WHOA! This looks AMAZING! We did the ATM Cave in Belize and it was one of the most intense things I’ve ever done. There’s something about squeezing through tiny slots between rocks deep in the earth that wakes all the senses…
Well put. There is no moving that rock if anything happens and when you are stuck in between them, you realize just how solid it is. You have to really free your mind and not think about the fact that you’re stuck between thousands of tons of solid rock!
Good times! Caves are awesome but what keeps me from spelunking in raw/primitive caves isn’t the claustrophobia but the albino spiders. Eeeewwww. 🙂
Eww, I never thought of the albino spiders. Are they everywhere? Are they in South Africa? Are they poisonous? Haha, I have so many questions. I never saw any spiders when we were at the Cango Caves. Maybe they are deeper down. There are a couple hundred km of caves in this system.
That place looks awesome. I would definitely give it a try 🙂
Awesome! So glad that we could entice you to try it.
Really superb and Adventurer Cave Trip,….Nice Photography Also
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Thank you, we had a great time. It was also great to be able to have the time to photograph the caves, they are so beautiful. It made going through the adventure portion of them a little more challenging but I’m glad we lugged the camera along. Thanks to Cedric for taking it through some of the more narrow passageways for us while we grunted our way through.
come visit this place for your new adventure
I didn’t think I was claustrophobic until we did a caving adventure like this in Budapest. Even though the guide decided he better keep me close by, I made it through slithering through tiny cracks on my belly. Definitely something to be proud of!
Isn’t that the truth. Sometimes you don’t even realize that you have a fear until you are in the middle of it. I remember when we were walking through the Cu Chi tunnels in Vietnam. I though it would be fun to go through the original entrance and the 150 metres of old caves. While I was inside, the lights went out and I freaked out. That’s when I knew I was afraid of tight places. I’ve been working through it over the years and getting much better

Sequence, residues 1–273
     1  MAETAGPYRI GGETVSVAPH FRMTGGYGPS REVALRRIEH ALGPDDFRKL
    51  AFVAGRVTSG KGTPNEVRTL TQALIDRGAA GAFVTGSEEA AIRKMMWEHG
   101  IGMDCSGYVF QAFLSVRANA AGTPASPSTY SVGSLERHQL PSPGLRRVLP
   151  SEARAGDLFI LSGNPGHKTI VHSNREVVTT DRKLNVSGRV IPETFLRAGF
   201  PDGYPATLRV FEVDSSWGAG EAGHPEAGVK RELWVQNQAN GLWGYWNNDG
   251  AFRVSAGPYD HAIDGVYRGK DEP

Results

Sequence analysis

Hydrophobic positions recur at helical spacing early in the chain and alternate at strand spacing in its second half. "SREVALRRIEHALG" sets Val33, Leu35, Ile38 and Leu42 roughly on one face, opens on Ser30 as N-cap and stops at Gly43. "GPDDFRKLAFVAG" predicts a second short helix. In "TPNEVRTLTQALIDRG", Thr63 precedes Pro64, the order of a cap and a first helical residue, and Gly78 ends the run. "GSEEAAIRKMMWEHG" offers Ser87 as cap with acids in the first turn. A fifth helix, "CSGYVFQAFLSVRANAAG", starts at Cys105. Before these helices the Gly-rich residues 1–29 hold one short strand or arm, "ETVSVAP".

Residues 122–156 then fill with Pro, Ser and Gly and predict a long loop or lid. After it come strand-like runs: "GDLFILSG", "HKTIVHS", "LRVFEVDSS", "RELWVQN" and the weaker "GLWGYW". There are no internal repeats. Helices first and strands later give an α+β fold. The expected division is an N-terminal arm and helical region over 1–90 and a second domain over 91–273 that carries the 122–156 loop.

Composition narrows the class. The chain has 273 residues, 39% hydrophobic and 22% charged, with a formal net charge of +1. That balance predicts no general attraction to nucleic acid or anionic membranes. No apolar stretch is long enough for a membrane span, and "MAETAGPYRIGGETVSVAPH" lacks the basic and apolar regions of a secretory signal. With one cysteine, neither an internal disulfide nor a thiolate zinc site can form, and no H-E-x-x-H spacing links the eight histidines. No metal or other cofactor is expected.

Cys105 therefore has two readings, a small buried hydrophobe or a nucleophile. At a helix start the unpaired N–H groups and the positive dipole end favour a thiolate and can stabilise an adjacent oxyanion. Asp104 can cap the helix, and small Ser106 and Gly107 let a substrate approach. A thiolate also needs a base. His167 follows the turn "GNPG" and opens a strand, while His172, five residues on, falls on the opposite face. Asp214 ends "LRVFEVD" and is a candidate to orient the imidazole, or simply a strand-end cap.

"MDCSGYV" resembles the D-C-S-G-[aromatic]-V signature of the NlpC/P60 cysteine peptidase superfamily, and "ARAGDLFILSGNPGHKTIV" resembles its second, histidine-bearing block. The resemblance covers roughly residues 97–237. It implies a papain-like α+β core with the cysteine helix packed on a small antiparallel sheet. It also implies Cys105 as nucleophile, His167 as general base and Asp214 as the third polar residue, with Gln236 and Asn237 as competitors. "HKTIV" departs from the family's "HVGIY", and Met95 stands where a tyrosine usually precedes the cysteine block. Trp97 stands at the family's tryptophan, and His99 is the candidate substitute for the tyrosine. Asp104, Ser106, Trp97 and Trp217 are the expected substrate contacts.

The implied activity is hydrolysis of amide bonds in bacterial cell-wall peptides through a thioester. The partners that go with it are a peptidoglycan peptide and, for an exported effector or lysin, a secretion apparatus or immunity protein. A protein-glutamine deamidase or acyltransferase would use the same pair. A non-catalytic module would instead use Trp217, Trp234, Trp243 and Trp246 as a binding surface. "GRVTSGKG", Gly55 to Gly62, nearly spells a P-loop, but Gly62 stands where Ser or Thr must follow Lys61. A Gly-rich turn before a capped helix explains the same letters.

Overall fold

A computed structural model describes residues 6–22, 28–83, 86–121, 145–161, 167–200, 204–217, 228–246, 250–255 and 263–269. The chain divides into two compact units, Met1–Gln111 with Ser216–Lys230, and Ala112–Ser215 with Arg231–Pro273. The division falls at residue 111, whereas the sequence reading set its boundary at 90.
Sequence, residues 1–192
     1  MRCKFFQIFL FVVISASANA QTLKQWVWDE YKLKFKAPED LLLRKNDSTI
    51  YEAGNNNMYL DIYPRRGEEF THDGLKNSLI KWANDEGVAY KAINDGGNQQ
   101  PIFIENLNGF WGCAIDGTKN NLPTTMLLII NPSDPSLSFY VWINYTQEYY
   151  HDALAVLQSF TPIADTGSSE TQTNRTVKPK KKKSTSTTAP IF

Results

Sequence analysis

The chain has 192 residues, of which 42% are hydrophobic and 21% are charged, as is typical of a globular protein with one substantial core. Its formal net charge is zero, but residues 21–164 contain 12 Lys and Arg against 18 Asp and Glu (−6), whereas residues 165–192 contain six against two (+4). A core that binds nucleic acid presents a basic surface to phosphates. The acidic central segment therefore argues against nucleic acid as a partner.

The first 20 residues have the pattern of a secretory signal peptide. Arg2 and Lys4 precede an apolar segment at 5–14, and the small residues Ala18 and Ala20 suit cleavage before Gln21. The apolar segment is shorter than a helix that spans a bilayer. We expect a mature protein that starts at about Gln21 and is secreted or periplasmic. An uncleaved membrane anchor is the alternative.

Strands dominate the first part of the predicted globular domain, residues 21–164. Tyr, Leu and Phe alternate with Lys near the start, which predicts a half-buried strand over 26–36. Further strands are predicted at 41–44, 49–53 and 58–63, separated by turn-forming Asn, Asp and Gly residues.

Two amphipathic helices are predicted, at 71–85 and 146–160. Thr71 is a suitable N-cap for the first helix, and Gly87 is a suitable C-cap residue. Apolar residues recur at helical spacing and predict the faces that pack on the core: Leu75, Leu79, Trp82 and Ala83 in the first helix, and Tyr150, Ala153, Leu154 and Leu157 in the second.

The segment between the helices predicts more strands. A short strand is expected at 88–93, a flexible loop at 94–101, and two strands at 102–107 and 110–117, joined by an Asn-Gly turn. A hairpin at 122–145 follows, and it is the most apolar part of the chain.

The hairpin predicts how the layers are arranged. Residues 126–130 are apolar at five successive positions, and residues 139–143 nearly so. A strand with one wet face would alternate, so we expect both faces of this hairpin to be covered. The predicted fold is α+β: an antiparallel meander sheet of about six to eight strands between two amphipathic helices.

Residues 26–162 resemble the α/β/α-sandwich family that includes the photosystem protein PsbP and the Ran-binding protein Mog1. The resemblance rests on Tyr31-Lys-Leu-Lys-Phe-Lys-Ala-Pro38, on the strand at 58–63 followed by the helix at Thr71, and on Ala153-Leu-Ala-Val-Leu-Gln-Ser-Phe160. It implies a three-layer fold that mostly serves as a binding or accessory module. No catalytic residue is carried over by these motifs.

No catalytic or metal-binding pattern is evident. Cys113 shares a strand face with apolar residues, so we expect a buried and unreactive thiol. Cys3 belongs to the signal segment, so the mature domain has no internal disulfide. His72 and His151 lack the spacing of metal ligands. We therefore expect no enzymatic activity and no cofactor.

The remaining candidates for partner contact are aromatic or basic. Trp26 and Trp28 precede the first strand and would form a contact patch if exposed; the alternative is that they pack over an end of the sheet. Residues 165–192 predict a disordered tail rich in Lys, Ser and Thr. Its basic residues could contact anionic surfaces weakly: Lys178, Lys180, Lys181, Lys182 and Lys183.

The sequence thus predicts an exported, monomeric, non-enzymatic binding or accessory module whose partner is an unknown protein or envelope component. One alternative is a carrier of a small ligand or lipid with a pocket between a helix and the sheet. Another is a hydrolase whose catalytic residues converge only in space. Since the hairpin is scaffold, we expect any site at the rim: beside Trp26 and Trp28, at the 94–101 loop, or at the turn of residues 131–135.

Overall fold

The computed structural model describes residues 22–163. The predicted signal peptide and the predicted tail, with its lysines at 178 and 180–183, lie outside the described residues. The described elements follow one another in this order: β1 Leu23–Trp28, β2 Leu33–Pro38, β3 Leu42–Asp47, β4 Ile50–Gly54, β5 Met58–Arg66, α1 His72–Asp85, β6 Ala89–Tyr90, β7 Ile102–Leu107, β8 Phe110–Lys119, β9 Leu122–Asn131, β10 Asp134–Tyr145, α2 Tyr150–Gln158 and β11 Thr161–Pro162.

I’m not normally claustrophobic but I’ve always thought I might be in a cave squeezing though a place I might get stuck. Definitely an incredible place. Amazing formations.
As long as you breathe and enjoy, you’ll be fine. Especially if your not claustrophobic. The Cango Caves truly are spectacular. I can see why it is South Africa’s oldest tourist attraction. People have been exploring them for over a hundred years!
Cool! I’m not too sure how I would do in that situation. I’m more scared of heights than I am claustrophobic – but as each year passes I get more fearful of doing anything! I’m assuming they have a size ‘limit’ for the adventure section – right? Good for you for finishing!
Yes, they do have a size limit. They don’t come out and say it, but when one woman was stuck in the caves for 13 hours, our guide told us that she was advised not to do it. She didn’t listen, got herself stuck and paid the price. I don’t think I’d go in if I was over weight that’s for sure. Some of those passageways were tight.
No way could I do the adventure tour. I was having palpitations just enteringthe wide open Skocjan Caves last fall. Great pics like always!
Where are the Skocjan Caves? We’ll have to give them a try. I’m sold on doing more caves, but I could never be a spelunker. I want to know what’s on the other end and know that I can get out. I don’t know how people explore caves for the first time and not know if they will get through or not and what’s waiting for them on the other side. I’d be terrified. An organized tour is as far as I’ll take it.